Thursday, August 8, 2013

Pasta alla Norma

I think it's kind of hard to make cooked eggplant look good.  It's hard to improve on brown.  Thank goodness this dish has some colorful counterparts to help it live up to it's fantastic taste!

I don't usually buy eggplant but I found myself with not one but two a few weeks ago in my CSA basket.  My usual go-to dish for eggplant is this orzo, which is pretty phenomenal, but that only used up one of the eggplants.  So I went searching.  

I found a version of this pasta dish in a Cooking Light book of mine.  With a few tweaks, this turned out pretty amazing too.  Even if you don't think you like eggplant, when paired with it's flavorful friends, you might just change your mind. I even went out and bought another eggplant just to make it again!

Pasta alla Norma is a typical Sicilian dish and is served with ricotta salata, which is ricotta that has been aged, pressed, salted and dried.  Although it can be hard to come by, you can substitute a semi-firm, salty cheese, like feta or queso fresco.  In a pinch, you can also use fresh mozzarella as well, which is what I've done here.

Pasta alla Norma
3/4 lb. pasta (12 oz.)
olive oil
1 medium eggplant, peeled and diced (about 4 cups)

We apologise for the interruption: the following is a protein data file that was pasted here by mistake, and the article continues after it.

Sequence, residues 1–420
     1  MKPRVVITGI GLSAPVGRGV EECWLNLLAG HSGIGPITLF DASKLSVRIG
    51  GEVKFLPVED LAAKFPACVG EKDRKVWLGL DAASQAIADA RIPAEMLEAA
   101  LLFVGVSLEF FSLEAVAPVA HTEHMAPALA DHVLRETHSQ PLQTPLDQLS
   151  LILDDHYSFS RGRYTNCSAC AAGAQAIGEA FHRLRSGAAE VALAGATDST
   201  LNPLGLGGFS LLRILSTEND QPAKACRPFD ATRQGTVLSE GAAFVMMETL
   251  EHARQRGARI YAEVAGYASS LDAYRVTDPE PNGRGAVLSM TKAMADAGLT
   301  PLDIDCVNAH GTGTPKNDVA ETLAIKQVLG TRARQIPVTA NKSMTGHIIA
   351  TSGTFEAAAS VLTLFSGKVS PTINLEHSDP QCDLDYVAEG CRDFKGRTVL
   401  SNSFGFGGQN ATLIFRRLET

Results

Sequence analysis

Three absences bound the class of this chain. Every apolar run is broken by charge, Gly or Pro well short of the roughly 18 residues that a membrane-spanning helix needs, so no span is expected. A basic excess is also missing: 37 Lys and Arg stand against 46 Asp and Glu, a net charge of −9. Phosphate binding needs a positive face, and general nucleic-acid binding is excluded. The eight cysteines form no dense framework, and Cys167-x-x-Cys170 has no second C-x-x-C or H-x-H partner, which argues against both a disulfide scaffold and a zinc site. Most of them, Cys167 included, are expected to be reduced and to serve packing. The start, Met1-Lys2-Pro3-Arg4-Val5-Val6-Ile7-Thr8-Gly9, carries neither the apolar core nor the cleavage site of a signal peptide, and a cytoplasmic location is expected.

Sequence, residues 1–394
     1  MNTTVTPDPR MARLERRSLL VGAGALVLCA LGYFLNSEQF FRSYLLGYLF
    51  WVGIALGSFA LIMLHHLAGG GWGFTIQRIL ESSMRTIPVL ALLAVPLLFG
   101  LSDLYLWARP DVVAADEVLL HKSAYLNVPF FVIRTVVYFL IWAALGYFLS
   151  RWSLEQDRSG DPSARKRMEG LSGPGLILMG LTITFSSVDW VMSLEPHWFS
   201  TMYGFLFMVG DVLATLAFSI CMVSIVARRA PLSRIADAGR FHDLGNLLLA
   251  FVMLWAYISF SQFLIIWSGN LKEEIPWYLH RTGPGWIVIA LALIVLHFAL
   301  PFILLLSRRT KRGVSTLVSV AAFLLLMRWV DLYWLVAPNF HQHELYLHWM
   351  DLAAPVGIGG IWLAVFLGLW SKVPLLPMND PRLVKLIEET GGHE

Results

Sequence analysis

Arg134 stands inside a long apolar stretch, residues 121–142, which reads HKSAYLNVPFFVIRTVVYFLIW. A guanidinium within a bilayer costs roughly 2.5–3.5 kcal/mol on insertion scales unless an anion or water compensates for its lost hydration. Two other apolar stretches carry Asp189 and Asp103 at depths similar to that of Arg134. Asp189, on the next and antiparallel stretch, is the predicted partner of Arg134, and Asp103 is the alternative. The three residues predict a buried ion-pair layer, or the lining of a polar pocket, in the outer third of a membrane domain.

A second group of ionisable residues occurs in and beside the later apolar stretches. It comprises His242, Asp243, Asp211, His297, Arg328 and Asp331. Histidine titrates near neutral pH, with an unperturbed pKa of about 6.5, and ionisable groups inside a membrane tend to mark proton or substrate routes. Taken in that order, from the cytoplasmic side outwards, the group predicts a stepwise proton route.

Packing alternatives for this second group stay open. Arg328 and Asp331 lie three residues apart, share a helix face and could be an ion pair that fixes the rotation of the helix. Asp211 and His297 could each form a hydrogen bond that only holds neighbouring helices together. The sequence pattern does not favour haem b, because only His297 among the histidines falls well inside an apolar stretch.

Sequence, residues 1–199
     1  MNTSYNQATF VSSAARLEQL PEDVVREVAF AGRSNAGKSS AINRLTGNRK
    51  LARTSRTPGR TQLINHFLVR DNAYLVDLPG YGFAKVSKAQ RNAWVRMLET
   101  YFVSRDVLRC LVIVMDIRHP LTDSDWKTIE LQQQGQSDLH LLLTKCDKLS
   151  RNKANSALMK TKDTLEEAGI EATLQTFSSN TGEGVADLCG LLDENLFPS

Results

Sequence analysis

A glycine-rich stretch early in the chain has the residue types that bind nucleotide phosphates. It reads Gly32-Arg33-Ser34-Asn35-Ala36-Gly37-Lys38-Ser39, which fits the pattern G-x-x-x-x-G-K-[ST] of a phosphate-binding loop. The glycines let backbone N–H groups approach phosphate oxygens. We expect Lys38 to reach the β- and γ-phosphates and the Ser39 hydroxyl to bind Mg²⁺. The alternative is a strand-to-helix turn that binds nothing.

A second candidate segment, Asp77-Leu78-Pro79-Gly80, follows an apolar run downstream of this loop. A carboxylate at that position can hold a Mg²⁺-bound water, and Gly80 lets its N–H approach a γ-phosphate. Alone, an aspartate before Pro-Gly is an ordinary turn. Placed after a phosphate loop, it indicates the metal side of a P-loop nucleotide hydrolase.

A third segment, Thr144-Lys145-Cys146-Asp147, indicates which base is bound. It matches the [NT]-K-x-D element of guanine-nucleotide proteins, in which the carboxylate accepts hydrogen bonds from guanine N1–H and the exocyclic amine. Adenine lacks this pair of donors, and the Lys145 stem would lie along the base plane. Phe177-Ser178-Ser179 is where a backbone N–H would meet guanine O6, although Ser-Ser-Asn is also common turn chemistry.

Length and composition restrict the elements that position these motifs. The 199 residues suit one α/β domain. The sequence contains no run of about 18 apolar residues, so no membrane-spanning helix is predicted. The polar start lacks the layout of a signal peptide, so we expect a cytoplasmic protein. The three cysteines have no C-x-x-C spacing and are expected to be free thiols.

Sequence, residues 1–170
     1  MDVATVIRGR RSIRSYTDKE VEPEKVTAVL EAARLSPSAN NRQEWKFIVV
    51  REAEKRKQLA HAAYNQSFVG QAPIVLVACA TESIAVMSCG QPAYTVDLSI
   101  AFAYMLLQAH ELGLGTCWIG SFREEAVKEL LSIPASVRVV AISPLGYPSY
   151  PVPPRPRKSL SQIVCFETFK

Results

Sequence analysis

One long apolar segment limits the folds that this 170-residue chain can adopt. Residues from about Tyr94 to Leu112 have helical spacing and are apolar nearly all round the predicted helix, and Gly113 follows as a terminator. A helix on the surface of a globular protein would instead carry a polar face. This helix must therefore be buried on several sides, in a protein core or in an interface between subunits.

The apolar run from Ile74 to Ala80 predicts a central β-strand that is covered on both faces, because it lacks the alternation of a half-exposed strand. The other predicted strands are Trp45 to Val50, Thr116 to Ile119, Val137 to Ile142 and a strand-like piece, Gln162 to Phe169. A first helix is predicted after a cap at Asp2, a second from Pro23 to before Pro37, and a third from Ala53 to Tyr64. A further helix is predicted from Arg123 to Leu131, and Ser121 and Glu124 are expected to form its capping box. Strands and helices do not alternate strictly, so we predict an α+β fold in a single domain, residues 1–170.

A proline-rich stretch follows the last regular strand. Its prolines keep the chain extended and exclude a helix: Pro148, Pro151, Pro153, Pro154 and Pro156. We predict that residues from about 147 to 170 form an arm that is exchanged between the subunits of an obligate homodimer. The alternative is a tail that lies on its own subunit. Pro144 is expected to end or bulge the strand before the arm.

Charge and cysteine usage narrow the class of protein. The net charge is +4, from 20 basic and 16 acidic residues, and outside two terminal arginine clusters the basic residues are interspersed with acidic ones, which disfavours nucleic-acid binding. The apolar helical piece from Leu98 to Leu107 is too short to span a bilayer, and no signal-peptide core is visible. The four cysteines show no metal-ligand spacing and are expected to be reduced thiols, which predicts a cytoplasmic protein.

3-4 cloves garlic, minced
pinch of red pepper flakes
splash of white cooking wine
1 can diced tomatoes
large handful of fresh basil leaves, chiffonade
1/2-1 cup ricotta salata, grated or cubed 

Bring a large pot of water to a boil.  Drop pasta and cook until al dente.

While the pasta cooks, peel and chop eggplant.  In a large skillet, heat a couple drizzles of olive oil and add the eggplant.  Cook on medium heat until brown and tender.  Add garlic and red pepper flakes and cook about 30 seconds, then add the splash of cooking wine and cook until almost evaporated.  Add tomatoes and simmer until pasta is finished cooking.  Add most of basil at the last minute.

Drain pasta and pour into a large serving dish.  Pour eggplant sauce over pasta and toss to combine.  Top with cheese and the rest of the fresh basil.  Serve warm.

SOURCE: Adapted from Better Recipes

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